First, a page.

Although it was against postal regulations, in the early days of Parcel Post, a few parents managed to mail their children to relatives. In 1913, an 8-month-old baby in Ohio was mailed by his parents to his grandmother who lived a few miles away.
Grandma, can you babysit?
Just a few weeks after Parcel Post began, Jesse and Mathilda Beagle “mailed” their 8-month-old son James to his grandmother, who lived a few miles away near Batavia, Ohio. Baby Beagle was just under the initial 11-pound limit for parcels. Rural Carrier Vernon Lytle picked up the baby from his parents’ house and carried him in his mail wagon to his grandmother’s house. The postage was fifteen cents, and the “parcel” was insured for $50. Although it was against postal regulations, several children traveled via U.S. Mail in the early years of Parcel Post. Initially the only animals that were allowed in the mail were bees and bugs. In 1918, day-old chicks were allowed in the mail. In 1919, some additional “harmless live animals” were permitted, but children did not fall into this category.
Every two weeks, the Postal Service pays $2.15 billion in salaries and benefits.
Louis DeJoy is the 75th Postmaster General of the United States.
More than 1,400 postal-owned buildings are listed on the National Register of Historic Places.
Our History is the History of America
They are treasures. But they’re not hidden. Many of our buildings are historical properties. Inside -and outside – many of our Post Offices, you’ll find impressive works of art that reflect the stories of our people and our nation.
- More than 1,400 postal-owned buildings are listed on the National Register of Historic Places. More information can be found at gov/nr/research/
- More than 1,400 murals and/or sculptures from President Roosevelt’s New Deal Programs are in our Post Offices around the nation.
- Five murals were featured on First-Class postage stamps in 2019
- The United States Postal Service: An American History is an entire publication dedicated to our history and can be found at usps.com/who-we-are/postal-history/welcome.htm.
The Postal Service's Judicial Officer Department is a court system that conducts hearings and neutrally resolves a wide variety of disputes involving postal matters. Its independent decisions involve contract disputes, employee debt disputes, mail disputes and mail fraud, among many other areas.
USPS and mailers
Postal Customer Councils (PCCs). These Postal Service-affiliated networks connect business mailers with local Post Office leadership to develop more effective and profitable mailings through training and information sharing. Since the 1960s, PCCs have been the go-to local resource for helping mailers learn, innovate and build their business. More information can be found at postalpro.usps.com/pcc.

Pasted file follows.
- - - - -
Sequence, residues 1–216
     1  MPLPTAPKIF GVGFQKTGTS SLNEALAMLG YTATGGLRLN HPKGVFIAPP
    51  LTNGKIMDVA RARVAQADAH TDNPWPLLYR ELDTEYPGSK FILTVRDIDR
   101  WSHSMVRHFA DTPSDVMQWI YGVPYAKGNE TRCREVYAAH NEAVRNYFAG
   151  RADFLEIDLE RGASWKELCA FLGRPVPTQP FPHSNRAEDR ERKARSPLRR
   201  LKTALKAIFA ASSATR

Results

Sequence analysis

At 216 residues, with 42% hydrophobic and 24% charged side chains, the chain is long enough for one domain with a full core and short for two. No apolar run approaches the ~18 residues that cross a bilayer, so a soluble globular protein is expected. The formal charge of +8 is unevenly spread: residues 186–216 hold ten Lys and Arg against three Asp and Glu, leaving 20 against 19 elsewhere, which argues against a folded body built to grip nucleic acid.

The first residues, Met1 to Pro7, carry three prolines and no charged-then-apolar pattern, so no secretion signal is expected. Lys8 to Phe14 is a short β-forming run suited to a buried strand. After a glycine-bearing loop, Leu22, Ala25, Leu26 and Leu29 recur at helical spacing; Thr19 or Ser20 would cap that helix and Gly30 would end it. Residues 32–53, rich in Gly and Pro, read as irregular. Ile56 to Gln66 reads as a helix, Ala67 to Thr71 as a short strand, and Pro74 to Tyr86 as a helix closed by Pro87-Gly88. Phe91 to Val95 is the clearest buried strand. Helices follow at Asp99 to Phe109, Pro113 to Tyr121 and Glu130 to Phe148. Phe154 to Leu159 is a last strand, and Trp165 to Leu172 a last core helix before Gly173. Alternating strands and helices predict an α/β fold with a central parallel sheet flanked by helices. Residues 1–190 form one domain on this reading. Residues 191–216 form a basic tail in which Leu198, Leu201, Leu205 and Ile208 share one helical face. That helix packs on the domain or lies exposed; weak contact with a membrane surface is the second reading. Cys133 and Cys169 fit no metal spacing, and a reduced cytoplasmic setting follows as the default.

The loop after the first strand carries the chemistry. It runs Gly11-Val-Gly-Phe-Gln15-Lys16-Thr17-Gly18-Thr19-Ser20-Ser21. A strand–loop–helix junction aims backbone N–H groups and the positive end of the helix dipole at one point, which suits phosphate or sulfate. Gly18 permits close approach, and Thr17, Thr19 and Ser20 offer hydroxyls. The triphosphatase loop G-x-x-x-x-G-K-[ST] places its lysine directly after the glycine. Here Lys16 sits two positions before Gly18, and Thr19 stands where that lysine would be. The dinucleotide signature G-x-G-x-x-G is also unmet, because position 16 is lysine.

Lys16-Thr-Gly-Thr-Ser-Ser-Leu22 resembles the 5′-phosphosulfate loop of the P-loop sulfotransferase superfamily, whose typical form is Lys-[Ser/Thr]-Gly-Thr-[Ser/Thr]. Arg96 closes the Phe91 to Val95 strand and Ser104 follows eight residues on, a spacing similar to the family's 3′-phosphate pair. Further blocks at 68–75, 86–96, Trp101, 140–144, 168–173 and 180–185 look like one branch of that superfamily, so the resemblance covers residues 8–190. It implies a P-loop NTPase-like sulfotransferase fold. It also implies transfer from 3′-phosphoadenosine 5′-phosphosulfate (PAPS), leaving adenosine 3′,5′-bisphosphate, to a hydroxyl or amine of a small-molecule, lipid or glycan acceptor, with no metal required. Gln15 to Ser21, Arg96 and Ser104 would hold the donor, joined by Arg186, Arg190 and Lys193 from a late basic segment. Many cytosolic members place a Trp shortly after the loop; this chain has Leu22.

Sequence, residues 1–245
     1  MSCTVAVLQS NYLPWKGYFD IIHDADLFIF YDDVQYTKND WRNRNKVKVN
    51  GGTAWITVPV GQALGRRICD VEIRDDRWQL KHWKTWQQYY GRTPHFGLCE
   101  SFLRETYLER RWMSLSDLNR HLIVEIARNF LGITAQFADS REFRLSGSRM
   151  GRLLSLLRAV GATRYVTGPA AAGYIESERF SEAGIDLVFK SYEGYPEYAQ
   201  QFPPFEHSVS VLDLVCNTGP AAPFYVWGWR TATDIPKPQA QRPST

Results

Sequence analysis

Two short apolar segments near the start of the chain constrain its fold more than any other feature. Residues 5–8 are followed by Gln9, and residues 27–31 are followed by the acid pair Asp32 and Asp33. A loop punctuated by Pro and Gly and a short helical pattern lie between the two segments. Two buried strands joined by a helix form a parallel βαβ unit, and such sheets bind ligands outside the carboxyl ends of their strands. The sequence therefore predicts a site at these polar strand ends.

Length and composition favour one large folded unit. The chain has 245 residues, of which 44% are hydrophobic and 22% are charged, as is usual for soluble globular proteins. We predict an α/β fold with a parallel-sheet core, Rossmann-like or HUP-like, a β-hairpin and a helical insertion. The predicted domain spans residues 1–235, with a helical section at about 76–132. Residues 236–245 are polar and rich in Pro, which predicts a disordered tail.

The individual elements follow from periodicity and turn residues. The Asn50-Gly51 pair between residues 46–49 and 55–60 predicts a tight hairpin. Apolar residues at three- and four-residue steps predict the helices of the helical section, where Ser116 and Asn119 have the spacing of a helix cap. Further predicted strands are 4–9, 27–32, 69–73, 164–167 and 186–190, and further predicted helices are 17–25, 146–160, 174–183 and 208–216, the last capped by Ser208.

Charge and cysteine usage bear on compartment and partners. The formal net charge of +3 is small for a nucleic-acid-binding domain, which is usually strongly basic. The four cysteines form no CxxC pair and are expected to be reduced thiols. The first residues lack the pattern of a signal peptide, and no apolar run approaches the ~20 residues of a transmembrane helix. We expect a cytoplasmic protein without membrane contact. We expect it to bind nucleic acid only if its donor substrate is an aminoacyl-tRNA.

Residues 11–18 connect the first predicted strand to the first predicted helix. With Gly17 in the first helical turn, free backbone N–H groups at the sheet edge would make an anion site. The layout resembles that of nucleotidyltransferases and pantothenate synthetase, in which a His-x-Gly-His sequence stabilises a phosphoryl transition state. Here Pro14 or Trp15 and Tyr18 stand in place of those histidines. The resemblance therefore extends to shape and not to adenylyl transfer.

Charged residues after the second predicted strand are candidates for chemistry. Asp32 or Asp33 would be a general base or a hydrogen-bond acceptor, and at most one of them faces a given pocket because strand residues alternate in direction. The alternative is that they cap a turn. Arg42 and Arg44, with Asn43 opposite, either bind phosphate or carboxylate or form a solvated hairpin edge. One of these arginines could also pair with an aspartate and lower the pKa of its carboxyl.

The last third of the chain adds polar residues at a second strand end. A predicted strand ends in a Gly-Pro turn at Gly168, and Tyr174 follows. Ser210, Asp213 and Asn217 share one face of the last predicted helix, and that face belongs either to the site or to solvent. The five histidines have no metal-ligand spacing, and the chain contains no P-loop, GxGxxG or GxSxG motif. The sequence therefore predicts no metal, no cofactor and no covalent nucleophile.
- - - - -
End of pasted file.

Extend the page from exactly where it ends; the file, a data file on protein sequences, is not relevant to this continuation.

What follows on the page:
Find more information at postalpro.usps.com/pcc.
providing technical advice
Postmaster General’s Mailers Technical Advisory Committee (MTAC). Representing select mailing associations, this group works to enhance the value of mail by providing technical advice and recommendations to the Postal Service. More information can be found at postalpro.usps.com/mtac.
The U.S. Postal Service has no official motto. Nope, it’s not this: “Neither snow nor rain nor heat nor gloom of night stays these couriers from the swift completion of their appointed rounds.” But we certainly appreciate the sentiment.
About that motto…
Those words are engraved on the front of the James A. Farley Post Office in NYC, set in stone by the architectural firm that built it. The phrase is taken from an ancient book by the Greek historian Herodotus and refers to messengers in the Persian Empire.
The phrase comes from book 8, paragraph 98, of The Persian Wars by Herodotus, a Greek historian. During the wars between the Greeks and Persians (500-449 B.C.), the Persians operated a system of mounted postal couriers who served with great fidelity.
The popular belief that Herodotus’s description of the Persian postal service is about the U.S. Postal Service is a tribute to the hundreds of thousands of men and women who have delivered the mail reliably and dependably, through all conditions, for centuries.
The Post Office Department was founded in 1775 with Benjamin Franklin as the first Postmaster General. His annual salary was $1,000. Before 1971, the PMG was a Cabinet member.
The Military Postal Service Agency was formed in 1980, consolidating the postal operations of the Army, Air Force, Navy and Marine Corps. The Department of Defense designated the Secretary of the Army as the single military mail manager.
Military and Diplomatic Mail in brief.
- The Military Postal Service provides service in 63 countries.
- There are 401 land-based military Post Offices and 626 based on ships.
- The U.S. Department of State Diplomatic Post Office serves 32,500 customers at 184 diplomatic missions across 103 countries around the world.
- Within the military and diplomatic services, 1,200 ZIP Codes are served around the world.